You are here
No Risk, No Reward
Fear is a powerful force.
There are rational fears. There are irrational fears. There is biology and there is psychology.
Fear leaves us awake at night. Fear makes us run. Fear can consume us.
Predominately, fear keeps us safe.
Fright, Fight, and Flight
From the dawn of time (yes I’m being mildly dramatic) fear has served a biological purpose. The fight or flight response – a physiological reaction that occurs in response to a perceived harmful event, attack, or threat to survival – is what makes ubears run away from the bumble bee trying to sting us (especially if we are allergic); gets our heart pumping when we stand too close to the edge of a cliff; makes us kick and scream when someone attacks us; and what stops (most of) us from approaching a wild grizzly bear to take a selfie for Instagram (although sadly I’m sure this has happened).
We fight or “take flight” and we stay alive.
Evidently, fear can be a good thing – a rational thing.
…But sometimes it’s not.
Fear is the thief of dreams – Brian Krans
While fear is a vital and necessary response to protect us from immediate threats, often times we (as humans with overactive brains) have fears that extend beyond the realm of physical danger.
In a general sense, we fear what we don’t know: What does the future have in store for us? Will the things we want to happen actually happen? What if they don’t?
(Seriously though, the unknown is scary ass shit.)
More specifically, in today’s socially oriented society, we fear embarrassment and rejection, we fear losing an opportunity, we fear betrayal, and we fear emotional pain. We also fear disappointment in ourselves, in others, and by others.
Basically, we spend a lot of our time scared of things we don’t actually have much control over.
Irrespective of this fact, we still do everything in our power to prevent these fears from becoming a reality.
We don’t apply for our dream job because ‘we might not get it,’ we don’t ask the girl down the hall on a date because ‘she might not like us,’ we don’t commit to a new relationship because ‘it might end badly,’ and we don’t move to a new city ‘because we might hate it’.
Sure – maybe you won’t get the job, maybe she’ll say no, maybe you’ll break up, and maybe you’ll hate that new city. Maybe you’ll feel rejected, embarrassed, hurt, or disappointed.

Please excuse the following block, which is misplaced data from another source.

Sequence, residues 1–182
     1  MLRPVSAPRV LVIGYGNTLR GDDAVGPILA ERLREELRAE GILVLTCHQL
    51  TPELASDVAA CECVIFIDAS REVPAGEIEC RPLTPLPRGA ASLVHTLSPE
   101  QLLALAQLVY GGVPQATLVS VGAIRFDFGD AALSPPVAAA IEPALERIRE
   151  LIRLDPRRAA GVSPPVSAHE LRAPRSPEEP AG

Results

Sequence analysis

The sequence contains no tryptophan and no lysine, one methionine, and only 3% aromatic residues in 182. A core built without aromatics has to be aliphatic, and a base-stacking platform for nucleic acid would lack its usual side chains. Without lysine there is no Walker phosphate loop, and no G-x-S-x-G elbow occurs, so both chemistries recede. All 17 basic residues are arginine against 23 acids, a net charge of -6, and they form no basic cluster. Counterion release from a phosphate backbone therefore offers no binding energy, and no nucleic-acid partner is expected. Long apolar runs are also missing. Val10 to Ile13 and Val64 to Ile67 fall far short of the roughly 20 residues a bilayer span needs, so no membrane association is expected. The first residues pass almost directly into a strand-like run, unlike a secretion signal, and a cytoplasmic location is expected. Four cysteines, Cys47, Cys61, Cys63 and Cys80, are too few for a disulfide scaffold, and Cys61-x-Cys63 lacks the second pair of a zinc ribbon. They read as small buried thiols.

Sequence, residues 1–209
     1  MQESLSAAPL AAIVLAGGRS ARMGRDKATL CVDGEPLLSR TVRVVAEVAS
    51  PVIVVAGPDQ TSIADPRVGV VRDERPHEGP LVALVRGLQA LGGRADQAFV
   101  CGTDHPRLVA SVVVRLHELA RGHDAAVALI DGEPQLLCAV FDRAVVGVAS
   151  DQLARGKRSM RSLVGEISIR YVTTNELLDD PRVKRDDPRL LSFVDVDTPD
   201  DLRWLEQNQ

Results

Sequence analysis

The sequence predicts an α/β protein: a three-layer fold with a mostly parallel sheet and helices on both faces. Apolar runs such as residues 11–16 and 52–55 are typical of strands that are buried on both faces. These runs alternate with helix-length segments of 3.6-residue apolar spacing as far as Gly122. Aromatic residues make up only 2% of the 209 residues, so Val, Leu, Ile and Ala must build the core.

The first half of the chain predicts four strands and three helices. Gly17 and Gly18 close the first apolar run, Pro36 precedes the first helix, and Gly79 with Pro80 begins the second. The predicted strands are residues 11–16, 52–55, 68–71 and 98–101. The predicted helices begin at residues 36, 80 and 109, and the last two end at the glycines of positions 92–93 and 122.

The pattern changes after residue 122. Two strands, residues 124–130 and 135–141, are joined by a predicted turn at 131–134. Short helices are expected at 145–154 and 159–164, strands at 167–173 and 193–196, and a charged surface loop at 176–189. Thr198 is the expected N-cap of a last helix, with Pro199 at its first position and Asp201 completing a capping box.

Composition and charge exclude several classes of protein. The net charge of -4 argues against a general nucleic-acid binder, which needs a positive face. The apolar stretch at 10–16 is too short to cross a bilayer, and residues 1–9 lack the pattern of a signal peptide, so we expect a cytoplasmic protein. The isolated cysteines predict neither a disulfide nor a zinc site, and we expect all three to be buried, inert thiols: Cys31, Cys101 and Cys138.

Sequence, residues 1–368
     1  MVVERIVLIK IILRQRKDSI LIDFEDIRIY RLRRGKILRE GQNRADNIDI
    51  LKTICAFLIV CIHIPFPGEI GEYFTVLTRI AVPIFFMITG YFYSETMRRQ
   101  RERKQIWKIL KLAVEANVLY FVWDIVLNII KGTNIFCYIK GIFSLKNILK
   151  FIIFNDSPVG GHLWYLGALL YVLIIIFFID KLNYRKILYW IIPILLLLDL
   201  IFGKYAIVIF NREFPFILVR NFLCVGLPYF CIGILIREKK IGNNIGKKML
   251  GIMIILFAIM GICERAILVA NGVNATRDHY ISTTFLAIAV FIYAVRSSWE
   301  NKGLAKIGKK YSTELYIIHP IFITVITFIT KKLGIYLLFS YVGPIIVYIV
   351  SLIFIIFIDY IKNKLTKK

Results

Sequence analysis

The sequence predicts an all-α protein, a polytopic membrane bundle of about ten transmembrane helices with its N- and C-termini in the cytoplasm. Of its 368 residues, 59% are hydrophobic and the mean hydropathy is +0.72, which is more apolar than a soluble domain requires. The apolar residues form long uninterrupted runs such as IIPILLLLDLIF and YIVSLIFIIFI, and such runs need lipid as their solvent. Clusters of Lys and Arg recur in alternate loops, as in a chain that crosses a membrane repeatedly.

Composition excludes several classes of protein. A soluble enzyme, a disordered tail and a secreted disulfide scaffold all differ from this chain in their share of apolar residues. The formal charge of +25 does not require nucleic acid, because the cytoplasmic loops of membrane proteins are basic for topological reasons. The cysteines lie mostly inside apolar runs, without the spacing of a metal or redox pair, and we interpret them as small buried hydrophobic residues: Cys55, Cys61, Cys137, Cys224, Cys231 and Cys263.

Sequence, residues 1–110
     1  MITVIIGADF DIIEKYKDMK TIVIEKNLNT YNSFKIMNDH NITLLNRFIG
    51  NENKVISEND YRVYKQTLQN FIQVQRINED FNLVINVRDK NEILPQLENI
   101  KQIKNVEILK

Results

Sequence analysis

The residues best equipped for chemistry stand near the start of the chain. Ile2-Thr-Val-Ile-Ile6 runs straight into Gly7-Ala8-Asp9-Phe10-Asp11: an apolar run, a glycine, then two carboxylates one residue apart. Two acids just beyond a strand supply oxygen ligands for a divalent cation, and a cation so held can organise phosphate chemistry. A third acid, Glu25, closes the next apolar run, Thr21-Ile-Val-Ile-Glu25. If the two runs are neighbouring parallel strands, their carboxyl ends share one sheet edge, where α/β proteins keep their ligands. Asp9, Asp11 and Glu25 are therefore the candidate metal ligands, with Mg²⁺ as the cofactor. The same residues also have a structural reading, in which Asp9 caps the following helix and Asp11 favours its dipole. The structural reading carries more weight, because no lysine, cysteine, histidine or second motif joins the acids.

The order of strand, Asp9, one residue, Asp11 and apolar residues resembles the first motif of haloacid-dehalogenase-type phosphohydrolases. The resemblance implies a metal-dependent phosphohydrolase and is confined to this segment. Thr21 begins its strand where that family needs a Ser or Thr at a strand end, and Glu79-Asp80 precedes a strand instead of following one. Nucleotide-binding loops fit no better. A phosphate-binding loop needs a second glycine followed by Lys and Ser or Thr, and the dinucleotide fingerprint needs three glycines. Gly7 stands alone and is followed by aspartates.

…BUT maybe you won’t.
What if you do get your dream job? What if the girl down the hall ends up being the love of your life? What if that relationship becomes the best thing that ever happened to you? What if that city is your favourite place on earth?’
Without the risk, there’s no reward.
The Good (or Bad) Old Days
Inevitably the older we get the more suitcases we have to lug around with us (i.e. baggage). In other words, as the days go by, the likelihood we’ve been embarrassed, rejected, or hurt increases exponentially (some of us to a more traumatic extent than others). If we have, regardless of the context, it probably sucked, and not only were we afraid of it happening in the first place, but we are now really, really afraid of it happening again.
Moving forward, each and every negative experience we’ve had contributes to the decisions we make and the way we perceive the world around us. By default, we put up walls, we create barriers, and we try our damnedest to protect ourselves from ever feeling the humiliation, sadness, or despair again.
We live our lives in fear constantly anticipating the worst, assuming that just because something happened once it’s bound to happen again.
But we shouldn’t.
We have a tendency to view “baggage” (of the emotional sort) in a negative light. The more hurt and pain we’ve experienced the more ‘damaged’ we are – but the way I see it, you can fit a hell of a lot more useful things into TWO suitcases instead of just one. Strictly speaking, shitty or not, we learn, we grow, and we become stronger from every experience we have.
Embrace it…and don’t let fear decide your future.
Life isn’t perfect. You’re going to get rejected, you’re going to be embarrassed, and you’re going to get hurt.
But that’s okay.
Because everything you’ve ever experienced has brought you to this moment, everything you are going to experience from this moment forward will bring you to where you are supposed to be, and everything you’ve ever wanted is on the other side of fear*.
Take the risk. Hold on tight. Enjoy the ride.
What are you afraid of?
*Thanks George Addair for your wise words
"My name is Kat(herine) and I am a 27 year old female living in Vancouver, BC, Canada. When I was 13 years old I was diagnosed with OCD and generalized anxiety disorder. A few years ago I was diagnosed with major depression. This is my blog, and this is my story. I hope my experiences inspire others, help end the stigma surrounding mental illness, and remind you that you are not alone." Check out theobsessivekat.
Find blogs with relevant and up-to-date info about mental health, society and other youth topics; written by a variety of youth and professional contributors.